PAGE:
Serve before the main course, when kids are hungry. If you serve at the same time as pizza etc of course they won’t go for the veg! But this always works.

also, serve veg they don’t usually eat with a dish they really dislike. Reverse psychology will see them go for the veg they are less familiar with and usually avoid vs the food they hate. It helps get them more used to the veg.

AdoraBell · 22/02/2023 00:23

When my were toddlers I put vegetables and salad on my plate. Gave them something I knew they would eat. They were curious about my dinner and wanted what I had.

Later, about 5/6 yrs old one decided she didn’t like peas. I asked her which vegetable she would have instead. Told her that she could swap vegetables but can’t reject all vegetables. When they didn’t like a new vegetable, cauliflower fe, I dressed it with lemon juice and olive oil. One really liked spicy food when they were young so she had mustard or chilli flakes on her veggies.

Also did veg versions of some meals, so spaghetti bolognaise became spaghetti with onion, celery, carrots and tomatoes in the summer.

Another trick was having an indoor picnic and instead of sandwiches I put ham/cheese on plates with chopped vegetables.

BlackeyedSusan · 22/02/2023 02:01

Don't make it a battle. Feed them what they like. Look up which nutrients are in which things so you feel less stressed that they are not getting something important.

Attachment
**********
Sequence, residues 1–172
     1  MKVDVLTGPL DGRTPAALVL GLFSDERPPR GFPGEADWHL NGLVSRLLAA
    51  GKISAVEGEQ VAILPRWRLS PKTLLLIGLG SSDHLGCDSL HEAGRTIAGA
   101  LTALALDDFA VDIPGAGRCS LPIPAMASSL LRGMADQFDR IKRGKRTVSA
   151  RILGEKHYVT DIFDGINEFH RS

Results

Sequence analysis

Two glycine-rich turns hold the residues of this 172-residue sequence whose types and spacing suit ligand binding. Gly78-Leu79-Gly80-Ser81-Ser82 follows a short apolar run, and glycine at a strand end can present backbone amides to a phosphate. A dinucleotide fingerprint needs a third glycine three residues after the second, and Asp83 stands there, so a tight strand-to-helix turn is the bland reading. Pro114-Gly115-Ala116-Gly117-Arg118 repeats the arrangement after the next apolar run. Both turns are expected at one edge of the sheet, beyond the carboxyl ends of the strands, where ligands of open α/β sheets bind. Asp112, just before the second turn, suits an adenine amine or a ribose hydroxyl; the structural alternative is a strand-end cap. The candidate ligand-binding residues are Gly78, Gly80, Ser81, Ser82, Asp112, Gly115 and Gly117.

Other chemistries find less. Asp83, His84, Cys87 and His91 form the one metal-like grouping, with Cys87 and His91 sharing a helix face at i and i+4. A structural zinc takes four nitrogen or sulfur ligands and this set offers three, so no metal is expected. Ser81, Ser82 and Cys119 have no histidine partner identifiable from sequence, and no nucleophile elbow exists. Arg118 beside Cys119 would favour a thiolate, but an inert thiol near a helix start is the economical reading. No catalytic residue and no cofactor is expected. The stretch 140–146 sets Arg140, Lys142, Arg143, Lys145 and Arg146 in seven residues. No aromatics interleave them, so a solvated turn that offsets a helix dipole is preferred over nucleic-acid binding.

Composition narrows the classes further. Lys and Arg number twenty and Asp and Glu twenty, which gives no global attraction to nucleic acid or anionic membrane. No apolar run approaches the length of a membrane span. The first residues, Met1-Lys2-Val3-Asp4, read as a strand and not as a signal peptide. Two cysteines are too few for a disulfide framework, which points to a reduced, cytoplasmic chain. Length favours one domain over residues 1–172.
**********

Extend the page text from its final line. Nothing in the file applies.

Feed your kids veggysauces and veg from weening to give you the best chance of getting them to like them.

Put it on your plate and let them steal them.

Give them veggies to eat while watching TV.

Tell them they have had it before and liked it.

Put lots of veggies in curry or bolognaise or pasta sauce.

Try them in different ways (raw, boiled, roast all taste different)

DimplesToadfoot · 22/02/2023 02:40

My DS would eat nothing but chicken nuggets and smiley faces, so without any fuss or ado every day I offered him the same as we were having but made his own.

I would invite his vegetable loving friends for tea, while DS was picking at his boring chicken nuggets and smiley faces his friends would be eating the same as everyone else which included veg, The conversation always went along the lines of his friends saying "you're not having carrots, you won't be able to see in the dark" DS wanting to be able see in the dark eats a carrot. "we're having cabbage yummy! my mum never makes cabbage enough, don't you like cabbage" DS stubbornly replies "of course I like cabbage" and eats a big fork full and decides that actually he does like it. I could have said the same thing a million times to no avail but those friends were gold. They unknowingly won my battles for me. :-)

My DS is an adult now and there's pretty much nothing he won't eat, where as I was held down, force fed and have a million hang ups over food, all I refused to pass onto DS.

DoNutSweatTheSmallStuff · 22/02/2023 06:24

Don't make it an issue.
Just serve up the veg with everything else, it's part of the meal.
We all eat the same (so good role modelling from parents).
Veg are snacks too - raw carrots, cucumber, celery, pepper sticks.
They're exposed to a lot of veg so don't see it as anything unusual, it's what we need to eat to stay healthy and they know this.
Getting the kids to help cook / prepare the veg helps too. They're more invested then and more likely to try it.

timmothysmith01 · 22/02/2023 14:39